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Author of two fantasy novels, The Wildings and The Hundred Names of Darkness. Black River, a slow-burning literary thriller, is out in 2020.

Columnist for the FT, formerly NYT, Business Standard, editor of anthologies on food writing and on the Modern Review. Drives like a demon, cooks like an angel.

Explosive story from the reporter Peter Maass: were two jurors for this year's Nobel Prize in Literature duped by a debunked conspiracy theory?


I have written a new something plus given the oldest cat his IV drip at home for the first time, and am ridiculously proud of second achievement.

Also, that bit where you spike the IV bottle goes off really well if you pretend you're driving a stake through the heart of a vampire.

(This, below, is oldest cat. About 90 in billi years, but going strong.)

Let's tributes to legendary tribal & revolutionary freedom fighter on his birth anniversary, his life was a journey of indomitable courage, dedication & service to motherland, only tribal leader marked presence in parliament house.

The Twitter/Mastodon topic is being covered as a race to finish. I have a different take I think it is a first step in a different way of building durable networks and identities.

+ I'm old enough to remember the Web of the 1990s/ 2000s.
It was a maze. You followed hypertext links, stumbled into forums and early troll-caves, used Slashdot and GoTo, experimented with LiveJournal and Blogger.

It wasn't safe, it was filled with weirdness, appealed heavily to geeks and loners. Being on the web in that era was a serious trip.

But it wasn't corporate. It wasn't the tool of major governments, yet. It was defiantly decentralised, and when you were online...

... you felt free.

The slow shift towards a decentralized web. For activists from India/ Asia seeking privacy and a safe place to share information, check out Freenet. Started by EFF's Mike Godwin:


"There lay the trap: Power belonged to anyone who could harness the collective will of the citizens directly by appealing to their emotions rather than using evidence and facts to change their minds."

Lawrence Torcello on the future of democracy — a time of tyrants?

The ICSE board has dropped the story Jamun Ka Ped, by Krishan Chandra. The powers that be must be pleased: it seems they felt uncomfortable/threatened. Listen to RJ Sayema's wonderful narration. You will know why.

+ Sorry, @SanSip is on Mastodon, should have credited him in the previous tweet.

"The voluble Austen, finishing a sandwich, pronounces: “Well, we’re due an Asian century. I hope they do better by us than we did by them. And that it doesn’t blow up too badly round here, when it does.”

Sanjay Sipahimalani on John Lanchester's Fragrant Harbour, a novel that tells us much about Hong Kong:

Tash Aw:

"the terrifying and hypnotic accounts of ghosts and legends that form the core of Southeast Asian folklore: ... the spirits of women who died in pregnancy, known as pontianak, that came back to haunt (mostly male) travelers on lonely roads; shape-shifting shamans possessed by the souls of animals. Always, for me at least, these stories circled back to a single figure of fascination and fear: the tiger."

Guys, can you all give @Gargron and @stux a break? I see so many Toots asking for emojis and blue tick and l sorts of nonsensical things. This is not a for-profit platform (correct me if I'm wrong) like Birdsite. These guys don't get paid to create emojis for your validation.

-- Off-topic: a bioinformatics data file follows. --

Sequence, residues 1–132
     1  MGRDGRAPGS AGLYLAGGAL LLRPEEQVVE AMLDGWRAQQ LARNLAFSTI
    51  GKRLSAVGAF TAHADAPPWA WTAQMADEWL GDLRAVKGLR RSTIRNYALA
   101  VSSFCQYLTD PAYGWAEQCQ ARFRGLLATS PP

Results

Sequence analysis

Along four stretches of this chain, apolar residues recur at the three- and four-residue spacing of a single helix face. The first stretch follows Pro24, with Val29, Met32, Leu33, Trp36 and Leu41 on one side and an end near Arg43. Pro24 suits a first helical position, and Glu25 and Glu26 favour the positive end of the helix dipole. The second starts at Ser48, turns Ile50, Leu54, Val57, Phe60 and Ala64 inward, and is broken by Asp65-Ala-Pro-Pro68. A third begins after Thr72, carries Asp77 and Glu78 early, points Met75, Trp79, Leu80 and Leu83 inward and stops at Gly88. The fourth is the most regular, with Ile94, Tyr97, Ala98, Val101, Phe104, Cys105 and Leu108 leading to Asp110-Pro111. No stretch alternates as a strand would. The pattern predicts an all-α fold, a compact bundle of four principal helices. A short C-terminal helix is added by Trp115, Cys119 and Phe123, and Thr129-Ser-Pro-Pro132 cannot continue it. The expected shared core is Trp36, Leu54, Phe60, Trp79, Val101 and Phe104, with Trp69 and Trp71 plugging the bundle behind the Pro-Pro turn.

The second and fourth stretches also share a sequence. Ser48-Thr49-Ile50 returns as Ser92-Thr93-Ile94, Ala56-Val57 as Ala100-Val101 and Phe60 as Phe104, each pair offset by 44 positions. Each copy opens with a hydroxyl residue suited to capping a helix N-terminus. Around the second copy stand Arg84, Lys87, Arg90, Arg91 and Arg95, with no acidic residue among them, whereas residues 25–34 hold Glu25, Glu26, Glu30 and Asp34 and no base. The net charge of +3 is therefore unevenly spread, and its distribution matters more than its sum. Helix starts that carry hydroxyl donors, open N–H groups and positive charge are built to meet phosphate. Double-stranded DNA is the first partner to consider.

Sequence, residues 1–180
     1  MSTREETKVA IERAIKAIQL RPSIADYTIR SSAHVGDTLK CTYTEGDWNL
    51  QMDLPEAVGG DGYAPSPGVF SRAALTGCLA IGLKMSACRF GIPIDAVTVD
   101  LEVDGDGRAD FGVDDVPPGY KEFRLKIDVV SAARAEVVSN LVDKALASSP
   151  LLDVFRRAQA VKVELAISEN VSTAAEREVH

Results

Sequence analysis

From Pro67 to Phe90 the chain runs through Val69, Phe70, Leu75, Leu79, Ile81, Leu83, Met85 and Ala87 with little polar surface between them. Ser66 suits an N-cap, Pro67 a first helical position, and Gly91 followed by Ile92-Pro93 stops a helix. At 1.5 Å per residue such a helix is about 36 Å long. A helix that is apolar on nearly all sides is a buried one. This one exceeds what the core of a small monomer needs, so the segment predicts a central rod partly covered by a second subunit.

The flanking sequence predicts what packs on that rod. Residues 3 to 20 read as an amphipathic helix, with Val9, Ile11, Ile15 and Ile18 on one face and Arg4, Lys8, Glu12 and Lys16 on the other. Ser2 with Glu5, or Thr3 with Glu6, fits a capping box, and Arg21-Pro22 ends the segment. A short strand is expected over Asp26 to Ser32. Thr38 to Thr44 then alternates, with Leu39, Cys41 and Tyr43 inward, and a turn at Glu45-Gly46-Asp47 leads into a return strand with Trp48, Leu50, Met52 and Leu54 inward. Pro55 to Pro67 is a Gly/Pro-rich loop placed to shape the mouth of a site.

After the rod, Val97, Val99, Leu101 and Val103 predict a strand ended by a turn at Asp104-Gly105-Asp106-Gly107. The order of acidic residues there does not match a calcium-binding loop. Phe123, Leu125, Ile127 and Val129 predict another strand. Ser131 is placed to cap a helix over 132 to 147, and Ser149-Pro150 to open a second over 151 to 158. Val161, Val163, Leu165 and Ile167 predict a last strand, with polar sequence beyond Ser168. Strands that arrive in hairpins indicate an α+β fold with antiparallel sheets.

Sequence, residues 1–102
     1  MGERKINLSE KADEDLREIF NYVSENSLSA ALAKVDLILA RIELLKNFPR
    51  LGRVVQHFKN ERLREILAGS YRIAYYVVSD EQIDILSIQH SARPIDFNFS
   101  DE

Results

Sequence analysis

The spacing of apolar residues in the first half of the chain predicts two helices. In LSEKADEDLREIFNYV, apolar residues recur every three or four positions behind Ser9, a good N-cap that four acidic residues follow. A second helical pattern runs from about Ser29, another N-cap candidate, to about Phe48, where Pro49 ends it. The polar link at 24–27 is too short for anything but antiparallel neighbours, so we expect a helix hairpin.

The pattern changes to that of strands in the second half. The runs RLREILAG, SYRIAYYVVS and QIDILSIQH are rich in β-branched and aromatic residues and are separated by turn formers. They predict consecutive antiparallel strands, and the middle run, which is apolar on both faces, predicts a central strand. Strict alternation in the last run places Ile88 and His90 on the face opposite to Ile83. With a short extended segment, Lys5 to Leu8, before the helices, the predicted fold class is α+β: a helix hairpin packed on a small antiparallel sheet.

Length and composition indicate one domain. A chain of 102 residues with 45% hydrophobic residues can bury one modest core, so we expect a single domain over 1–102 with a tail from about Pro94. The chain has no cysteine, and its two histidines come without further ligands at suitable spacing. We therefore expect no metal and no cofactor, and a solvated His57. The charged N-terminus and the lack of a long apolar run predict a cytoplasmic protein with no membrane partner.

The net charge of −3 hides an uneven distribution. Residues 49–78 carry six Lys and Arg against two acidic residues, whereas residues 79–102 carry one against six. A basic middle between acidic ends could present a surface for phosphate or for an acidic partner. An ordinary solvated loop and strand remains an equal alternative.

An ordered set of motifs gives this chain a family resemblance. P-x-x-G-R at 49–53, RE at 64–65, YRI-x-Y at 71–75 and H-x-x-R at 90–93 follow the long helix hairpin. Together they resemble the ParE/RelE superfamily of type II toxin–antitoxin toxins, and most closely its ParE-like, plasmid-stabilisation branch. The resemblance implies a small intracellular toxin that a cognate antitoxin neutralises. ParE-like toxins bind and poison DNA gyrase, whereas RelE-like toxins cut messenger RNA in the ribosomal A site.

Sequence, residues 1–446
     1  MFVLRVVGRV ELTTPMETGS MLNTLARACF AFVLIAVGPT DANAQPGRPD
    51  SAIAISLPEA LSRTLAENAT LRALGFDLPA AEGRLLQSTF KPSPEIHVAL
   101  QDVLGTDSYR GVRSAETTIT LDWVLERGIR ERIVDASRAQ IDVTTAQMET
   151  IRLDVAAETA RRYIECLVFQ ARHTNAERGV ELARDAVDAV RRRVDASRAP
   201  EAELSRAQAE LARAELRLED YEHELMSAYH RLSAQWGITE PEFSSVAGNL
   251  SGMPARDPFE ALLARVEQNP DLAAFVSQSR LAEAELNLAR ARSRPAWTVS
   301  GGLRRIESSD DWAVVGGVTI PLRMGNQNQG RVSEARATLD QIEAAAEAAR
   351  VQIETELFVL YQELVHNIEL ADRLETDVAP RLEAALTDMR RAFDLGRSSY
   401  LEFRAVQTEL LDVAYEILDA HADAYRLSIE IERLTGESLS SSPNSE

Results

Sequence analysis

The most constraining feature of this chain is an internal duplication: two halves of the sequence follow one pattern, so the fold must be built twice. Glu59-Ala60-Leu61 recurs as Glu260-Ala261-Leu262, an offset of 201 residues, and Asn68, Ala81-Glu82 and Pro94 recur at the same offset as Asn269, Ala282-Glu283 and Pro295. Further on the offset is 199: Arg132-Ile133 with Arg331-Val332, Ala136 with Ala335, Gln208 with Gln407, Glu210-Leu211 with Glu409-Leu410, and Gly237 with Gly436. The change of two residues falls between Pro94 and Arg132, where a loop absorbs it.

Treat them with respect, please.

Jodhpuri hing, powerful but far more subtle than the asafoetida available in Delhi. Poor quality hing smells like old sweat; this has a rich, savoury, banquet-worthy scent, strong but not at all unpleasant, with a humming gold and umami basenote running through.

From To Kill A Mockingbird, Scout on the scent of Calpurnia's church:

"Hearts of Love hairdressing mingled with asafoetida, snuff, Hoyt's Cologne, Brown's Mule, peppermint, and lilac talcum..."

Do you know which tree this is? Was completely blown away the first time I saw it, on the Out of Eden Walk trail in North Bengal with Paul Salopek. Finally identified with the help of a kind friend.

This is the Duabanga Grandiflora. Called Bondorphulla in Bengal, Thora / Khukan in Assam and Duyabangga in Tripura (also where the botanical name comes from).

I stood transfixed beneath the tree while looking up at the low drooping branches swaying gently with the breeze.

@nilanjanaroy For me the way people got together for the floods in Kerala last year was amazing. Volunteers, resources, money, post flood activities all was amazing. Didn't happen the second time due to misinformation campaign done about the Kerala govt.

@nilanjanaroy - Long ago, a friend & I were in front of a store, the parking area was dirt, wind was blowing. An older woman drove up, got out of her car. She was coughing, shaking her head. I asked my friend "What's her problem?"

She walked toward us slowly, deliberately, looked me straight in the face & said "Dust." Her tone was absolutely neutral. Not a hint of anger. After she'd gone inside, I stood there, realizing she'd been kind enough to teach me a profound lesson I've never forgotten.

@nilanjanaroy I watched a naturalist friend get stung by a hairy caterpillar on the leg yesterday (not at all lethal, just itchy) and instead of getting annoyed, and swatting it, he carefully placed it on a plant and proceeded to pull (a surprising large number) jagged hair (that the caterpillar pierces the skin with) with tweezers, while accidentally pulling some of own hair. All the while saying, between 'ow' and 'ouch', 'what a fantastic creature, sej. Look what it did in just seconds'. 💜

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